some appropriate songs were sung, in one of which was a verse complimentary to the English whom friendship had brought there, and a wish that before a year the two nations might be united as we were at that time. It is my friend Thomi who is always the poet of the occasion. Dancing went on till two in the morning when we supped, and the dancing afterwards continued to daylight.

On 8th May 1810, Flinders was ordered to embark on the ship that would take him off the island, and made a last round of visits to friends. His final goodbyes were for the Pitot family. On the eve of the much longed-for departure, in a postscript to a letter composed for another friend Charles Desbassayns in Bourbon, Flinders made a curious confession:

Now that I am certain of going, the pleasure I had in contemplating this event in perspective, is vanished. My heart is oppressed at the idea of quitting my friends here, perhaps forever. There is some talk of peace. Should it take place, I shall probably be sent to pursue the investigation of New Holland; and before three years, shall, as I hope, visit the Isle of France. Even during the war, if General DeCaen be gone, I propose to call here if permitted.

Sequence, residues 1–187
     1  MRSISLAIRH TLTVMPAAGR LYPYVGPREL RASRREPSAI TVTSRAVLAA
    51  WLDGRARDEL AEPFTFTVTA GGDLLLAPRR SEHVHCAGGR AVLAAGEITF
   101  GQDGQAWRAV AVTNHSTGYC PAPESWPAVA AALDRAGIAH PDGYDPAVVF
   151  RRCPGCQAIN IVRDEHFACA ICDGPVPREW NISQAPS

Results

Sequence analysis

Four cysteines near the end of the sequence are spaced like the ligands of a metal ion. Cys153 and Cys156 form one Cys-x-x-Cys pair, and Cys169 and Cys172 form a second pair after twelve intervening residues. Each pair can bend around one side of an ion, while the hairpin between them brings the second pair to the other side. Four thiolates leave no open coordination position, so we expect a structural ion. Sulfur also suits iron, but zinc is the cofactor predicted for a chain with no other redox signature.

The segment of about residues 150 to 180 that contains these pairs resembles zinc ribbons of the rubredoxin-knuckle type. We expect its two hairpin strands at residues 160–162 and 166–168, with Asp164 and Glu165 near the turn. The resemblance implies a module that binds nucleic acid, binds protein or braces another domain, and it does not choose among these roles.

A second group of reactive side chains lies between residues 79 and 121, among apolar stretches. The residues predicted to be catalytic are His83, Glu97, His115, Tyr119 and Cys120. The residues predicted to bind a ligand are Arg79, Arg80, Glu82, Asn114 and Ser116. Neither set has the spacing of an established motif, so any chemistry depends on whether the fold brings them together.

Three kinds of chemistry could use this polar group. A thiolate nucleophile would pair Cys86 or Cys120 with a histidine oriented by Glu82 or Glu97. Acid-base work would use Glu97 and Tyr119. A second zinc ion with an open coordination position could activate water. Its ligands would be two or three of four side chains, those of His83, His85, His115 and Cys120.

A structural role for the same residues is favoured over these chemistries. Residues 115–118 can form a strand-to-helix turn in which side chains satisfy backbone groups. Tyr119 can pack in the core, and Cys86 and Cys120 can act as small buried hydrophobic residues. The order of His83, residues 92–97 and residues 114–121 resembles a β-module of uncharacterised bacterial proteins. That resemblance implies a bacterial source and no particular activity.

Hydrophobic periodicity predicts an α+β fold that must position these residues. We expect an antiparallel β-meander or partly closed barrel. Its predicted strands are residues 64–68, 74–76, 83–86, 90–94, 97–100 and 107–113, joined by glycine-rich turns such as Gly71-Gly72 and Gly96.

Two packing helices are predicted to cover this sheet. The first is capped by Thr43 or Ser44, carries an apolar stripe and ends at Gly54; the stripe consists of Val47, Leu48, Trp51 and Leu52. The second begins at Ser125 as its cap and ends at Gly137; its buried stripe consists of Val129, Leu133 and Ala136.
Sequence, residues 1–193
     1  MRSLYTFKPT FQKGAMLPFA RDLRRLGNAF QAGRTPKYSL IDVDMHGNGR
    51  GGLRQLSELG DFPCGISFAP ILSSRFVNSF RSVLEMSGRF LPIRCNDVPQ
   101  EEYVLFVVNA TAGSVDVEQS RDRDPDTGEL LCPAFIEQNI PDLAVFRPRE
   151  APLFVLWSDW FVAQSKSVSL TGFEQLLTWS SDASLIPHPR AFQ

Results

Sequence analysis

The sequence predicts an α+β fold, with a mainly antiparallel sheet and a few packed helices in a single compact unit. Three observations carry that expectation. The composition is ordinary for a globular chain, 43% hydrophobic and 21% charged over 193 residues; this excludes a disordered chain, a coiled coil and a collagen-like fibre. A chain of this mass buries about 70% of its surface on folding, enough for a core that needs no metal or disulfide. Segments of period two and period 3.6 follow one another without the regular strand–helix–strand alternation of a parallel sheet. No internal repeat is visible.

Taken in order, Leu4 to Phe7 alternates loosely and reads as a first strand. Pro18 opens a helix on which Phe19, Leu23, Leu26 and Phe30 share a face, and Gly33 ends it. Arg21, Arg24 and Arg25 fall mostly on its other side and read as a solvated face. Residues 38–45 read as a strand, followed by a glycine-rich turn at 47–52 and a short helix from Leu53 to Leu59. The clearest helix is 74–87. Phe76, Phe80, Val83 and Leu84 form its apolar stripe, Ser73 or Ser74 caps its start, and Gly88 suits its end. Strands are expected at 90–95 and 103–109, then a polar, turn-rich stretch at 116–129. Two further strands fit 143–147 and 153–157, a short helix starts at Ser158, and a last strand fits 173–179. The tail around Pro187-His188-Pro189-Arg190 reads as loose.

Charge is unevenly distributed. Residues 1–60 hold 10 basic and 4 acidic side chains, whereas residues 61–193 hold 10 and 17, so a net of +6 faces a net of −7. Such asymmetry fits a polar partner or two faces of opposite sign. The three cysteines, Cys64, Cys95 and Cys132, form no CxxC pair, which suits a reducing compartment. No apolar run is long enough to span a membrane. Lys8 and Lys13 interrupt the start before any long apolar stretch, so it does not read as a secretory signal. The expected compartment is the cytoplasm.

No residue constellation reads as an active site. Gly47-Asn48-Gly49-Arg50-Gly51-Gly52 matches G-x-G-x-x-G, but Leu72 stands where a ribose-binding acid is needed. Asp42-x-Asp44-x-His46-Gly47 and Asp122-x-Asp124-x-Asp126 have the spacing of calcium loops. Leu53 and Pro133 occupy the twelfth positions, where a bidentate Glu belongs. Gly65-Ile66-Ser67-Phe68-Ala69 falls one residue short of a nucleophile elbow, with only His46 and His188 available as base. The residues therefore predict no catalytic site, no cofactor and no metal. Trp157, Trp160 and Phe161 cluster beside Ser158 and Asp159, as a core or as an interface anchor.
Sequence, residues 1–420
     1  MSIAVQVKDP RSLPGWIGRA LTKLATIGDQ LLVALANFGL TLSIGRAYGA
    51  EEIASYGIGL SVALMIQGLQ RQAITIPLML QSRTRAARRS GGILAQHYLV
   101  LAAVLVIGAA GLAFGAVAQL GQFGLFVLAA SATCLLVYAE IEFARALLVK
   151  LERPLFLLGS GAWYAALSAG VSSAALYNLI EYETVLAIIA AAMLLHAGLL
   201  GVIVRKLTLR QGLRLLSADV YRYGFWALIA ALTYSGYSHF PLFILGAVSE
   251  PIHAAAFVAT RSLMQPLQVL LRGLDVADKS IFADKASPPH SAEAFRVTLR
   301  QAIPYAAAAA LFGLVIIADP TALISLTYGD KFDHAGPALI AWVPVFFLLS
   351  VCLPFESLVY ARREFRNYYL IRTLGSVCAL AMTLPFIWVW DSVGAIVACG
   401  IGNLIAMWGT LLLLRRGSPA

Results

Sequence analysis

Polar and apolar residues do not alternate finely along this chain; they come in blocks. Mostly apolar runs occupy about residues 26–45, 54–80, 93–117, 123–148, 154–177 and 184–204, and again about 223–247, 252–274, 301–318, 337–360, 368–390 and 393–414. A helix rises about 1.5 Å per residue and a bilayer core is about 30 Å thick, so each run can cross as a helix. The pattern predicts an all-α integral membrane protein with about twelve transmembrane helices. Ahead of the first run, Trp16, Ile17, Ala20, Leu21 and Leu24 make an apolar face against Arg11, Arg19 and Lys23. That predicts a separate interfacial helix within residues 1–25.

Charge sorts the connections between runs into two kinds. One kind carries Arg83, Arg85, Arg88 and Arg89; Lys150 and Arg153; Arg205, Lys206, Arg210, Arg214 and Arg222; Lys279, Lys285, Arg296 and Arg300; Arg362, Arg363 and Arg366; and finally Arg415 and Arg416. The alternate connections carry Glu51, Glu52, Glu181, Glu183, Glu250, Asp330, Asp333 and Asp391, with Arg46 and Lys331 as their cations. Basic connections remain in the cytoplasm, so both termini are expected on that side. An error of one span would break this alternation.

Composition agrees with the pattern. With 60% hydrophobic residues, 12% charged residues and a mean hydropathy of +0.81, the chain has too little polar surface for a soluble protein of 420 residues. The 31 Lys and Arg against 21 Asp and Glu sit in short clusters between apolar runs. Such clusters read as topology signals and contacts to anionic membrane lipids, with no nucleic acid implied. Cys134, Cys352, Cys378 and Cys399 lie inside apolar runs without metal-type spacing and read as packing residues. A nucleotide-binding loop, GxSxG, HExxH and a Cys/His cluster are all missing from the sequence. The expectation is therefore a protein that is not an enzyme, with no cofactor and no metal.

Such was his regret at leaving, that Flinders was even considering a return to the island if it remained in French hands!  In June the Harriet sailed, from where Flinders transferred to the Otter bound for the Cape of Good Hope, and onwards to England. He would never see the Isle of France again.

 

References

 

Brunton, P. ed. Matthew Flinders Personal Letters from an Extraordinary Life, State Library of New South Wales, 2002

Carter, M. Companions of Misfortune: Flinders and Friends at the Isle of France, 1803-1810, Pink Pigeon Press, UK, 2003

Ingleton, G.C.  Matthew Flinders: Navigator and Chartmaker Guildford, Genesis Publications, 1986